Martin Parr

Martin Parr is a chronicler of our age. In the face of the constantly growing flood of images released by the media, his photographs offer us the opportunity to see the world from his unique perspective. At first glance, his photographs seem exaggerated or even grotesque. The motifs he chooses are strange, the colours are garish and the perspectives are unusual. Parrs term for the overwhelming power of published images is propaganda. He counters this propaganda with his own chosen weapons: criticism, seduction and humour. Thomas Weski

How did you start your career as a photographer?

I first got interested in photography when I was a teenager and went to visit my Grandfather near Bradford. He was a keen amateur photographer and he lent me a camera and we would go out together shooting. We would come back, process the films and make prints and ever since this time I have always wanted to be a photographer.

You studied photography at Manchester Polytechnic between 1970 and 72, what was this like for you?

In these days the idea of a college was to learn to be a photographer by becoming an assistant, so they taught us all the basic studio techniques and things like reciprocity failure. I quickly got fed up with this input and started working on my own projects. This meant I was having to justify my work and this, I guess, was good practice for fighting for what I believed in.

What photographers were you influenced by in these early days?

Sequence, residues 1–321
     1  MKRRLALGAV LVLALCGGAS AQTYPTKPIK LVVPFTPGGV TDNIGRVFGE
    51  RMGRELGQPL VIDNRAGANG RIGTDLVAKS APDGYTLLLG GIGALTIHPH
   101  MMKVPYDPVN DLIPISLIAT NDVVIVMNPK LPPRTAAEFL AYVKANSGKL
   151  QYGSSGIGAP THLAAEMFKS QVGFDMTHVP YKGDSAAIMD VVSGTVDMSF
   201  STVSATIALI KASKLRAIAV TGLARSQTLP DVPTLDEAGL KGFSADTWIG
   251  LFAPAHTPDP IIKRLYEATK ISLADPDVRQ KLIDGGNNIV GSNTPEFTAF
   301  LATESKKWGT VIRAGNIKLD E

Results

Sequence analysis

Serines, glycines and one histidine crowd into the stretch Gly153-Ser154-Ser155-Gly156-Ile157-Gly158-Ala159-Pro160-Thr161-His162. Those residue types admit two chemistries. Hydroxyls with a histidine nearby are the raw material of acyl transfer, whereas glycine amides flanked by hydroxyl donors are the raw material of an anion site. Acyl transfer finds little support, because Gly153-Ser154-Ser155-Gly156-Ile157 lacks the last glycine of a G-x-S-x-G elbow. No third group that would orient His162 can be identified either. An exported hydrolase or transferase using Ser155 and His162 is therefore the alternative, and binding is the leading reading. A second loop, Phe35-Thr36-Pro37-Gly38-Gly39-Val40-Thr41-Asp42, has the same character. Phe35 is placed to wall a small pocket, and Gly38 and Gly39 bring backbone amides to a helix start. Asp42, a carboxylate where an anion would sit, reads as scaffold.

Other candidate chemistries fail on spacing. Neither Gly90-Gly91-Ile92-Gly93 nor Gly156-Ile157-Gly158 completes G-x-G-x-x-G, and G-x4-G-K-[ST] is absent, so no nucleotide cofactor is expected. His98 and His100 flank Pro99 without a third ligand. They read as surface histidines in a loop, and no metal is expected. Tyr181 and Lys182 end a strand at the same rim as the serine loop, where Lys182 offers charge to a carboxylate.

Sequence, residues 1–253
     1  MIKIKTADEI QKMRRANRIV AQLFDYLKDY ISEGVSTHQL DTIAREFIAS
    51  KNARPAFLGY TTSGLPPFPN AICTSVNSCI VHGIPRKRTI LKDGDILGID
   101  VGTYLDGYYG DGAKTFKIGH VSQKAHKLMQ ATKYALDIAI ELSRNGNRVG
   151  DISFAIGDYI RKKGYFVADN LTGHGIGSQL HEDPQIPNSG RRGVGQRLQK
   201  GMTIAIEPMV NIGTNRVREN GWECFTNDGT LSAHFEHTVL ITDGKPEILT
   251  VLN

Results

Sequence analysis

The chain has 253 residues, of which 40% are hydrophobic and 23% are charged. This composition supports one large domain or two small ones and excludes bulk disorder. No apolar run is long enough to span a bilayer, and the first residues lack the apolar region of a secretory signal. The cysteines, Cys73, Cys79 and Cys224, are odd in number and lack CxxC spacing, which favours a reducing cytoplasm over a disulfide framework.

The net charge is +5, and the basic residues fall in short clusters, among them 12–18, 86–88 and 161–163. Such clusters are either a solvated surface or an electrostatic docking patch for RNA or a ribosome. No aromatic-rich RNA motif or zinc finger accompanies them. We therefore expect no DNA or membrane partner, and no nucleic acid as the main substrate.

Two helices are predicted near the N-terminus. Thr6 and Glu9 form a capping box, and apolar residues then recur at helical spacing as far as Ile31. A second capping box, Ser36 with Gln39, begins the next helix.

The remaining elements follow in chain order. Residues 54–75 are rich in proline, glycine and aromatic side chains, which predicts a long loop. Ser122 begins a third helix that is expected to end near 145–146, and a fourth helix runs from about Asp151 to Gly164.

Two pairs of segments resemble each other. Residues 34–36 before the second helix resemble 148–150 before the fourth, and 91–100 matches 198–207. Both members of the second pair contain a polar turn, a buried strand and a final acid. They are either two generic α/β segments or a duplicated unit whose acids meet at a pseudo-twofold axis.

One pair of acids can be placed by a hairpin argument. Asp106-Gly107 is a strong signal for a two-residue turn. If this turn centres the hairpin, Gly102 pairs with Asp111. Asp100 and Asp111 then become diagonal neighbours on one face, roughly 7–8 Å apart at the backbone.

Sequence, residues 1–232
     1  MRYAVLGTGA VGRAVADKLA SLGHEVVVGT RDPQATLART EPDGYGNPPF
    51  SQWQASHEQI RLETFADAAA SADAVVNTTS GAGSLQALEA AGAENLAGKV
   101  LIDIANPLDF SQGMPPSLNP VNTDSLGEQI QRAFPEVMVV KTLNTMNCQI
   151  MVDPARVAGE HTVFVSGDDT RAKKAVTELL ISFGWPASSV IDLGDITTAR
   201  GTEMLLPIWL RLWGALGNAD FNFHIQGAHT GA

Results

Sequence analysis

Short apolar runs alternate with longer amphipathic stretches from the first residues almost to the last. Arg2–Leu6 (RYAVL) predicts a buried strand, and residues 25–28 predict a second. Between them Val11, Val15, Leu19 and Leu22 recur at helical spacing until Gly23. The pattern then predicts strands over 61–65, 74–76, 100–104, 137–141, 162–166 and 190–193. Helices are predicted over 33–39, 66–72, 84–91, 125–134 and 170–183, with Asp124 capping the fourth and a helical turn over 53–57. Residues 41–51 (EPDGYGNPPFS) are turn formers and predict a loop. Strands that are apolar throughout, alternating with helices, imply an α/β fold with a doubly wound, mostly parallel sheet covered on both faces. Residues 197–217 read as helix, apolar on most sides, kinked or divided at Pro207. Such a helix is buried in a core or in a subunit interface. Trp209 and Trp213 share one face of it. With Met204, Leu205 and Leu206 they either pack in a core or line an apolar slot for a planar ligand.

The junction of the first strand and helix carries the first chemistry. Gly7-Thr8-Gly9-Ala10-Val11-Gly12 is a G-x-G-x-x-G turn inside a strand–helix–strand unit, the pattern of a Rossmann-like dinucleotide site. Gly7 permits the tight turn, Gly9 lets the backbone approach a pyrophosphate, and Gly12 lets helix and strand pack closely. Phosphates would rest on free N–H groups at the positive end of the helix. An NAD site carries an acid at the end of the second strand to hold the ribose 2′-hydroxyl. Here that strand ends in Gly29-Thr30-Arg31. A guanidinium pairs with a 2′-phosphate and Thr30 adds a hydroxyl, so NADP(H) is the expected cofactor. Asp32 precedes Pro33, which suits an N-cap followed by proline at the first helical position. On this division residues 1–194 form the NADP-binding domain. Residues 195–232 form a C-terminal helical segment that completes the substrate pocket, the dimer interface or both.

Before college I had seen the work of Bill Brandt and Cartier Bresson, as well as seeing copies of Creative Camera magazine with images by Frank and Friedlander and Winogrand. However it was while I was at college that Bill Jay came round and showed the work of Tony Ray-Jones and this for me was a real moment of inspiration.

What did you do after leaving college?

I first worked at Manchester Council for Community Relations for about 3 months and then started working towards my Home Sweet Home exhibition at the Impressions Gallery in York.

When and why did you change from black and white to colour?

I did do some colour within the Home Sweet Home project in the early 70’s, but it wasn’t until 1982 when I moved back from Ireland that took to colour in a serious way. This was sparked off by seeing the colour work emerge from the US from photographers such as Joel Meyerowitz, William Eggleston and Stephen Shore. I had also encountered the post cards of John Hinde when I worked at Butlin’s in the early 70’s and the bright saturated colour of these had a big impact on me.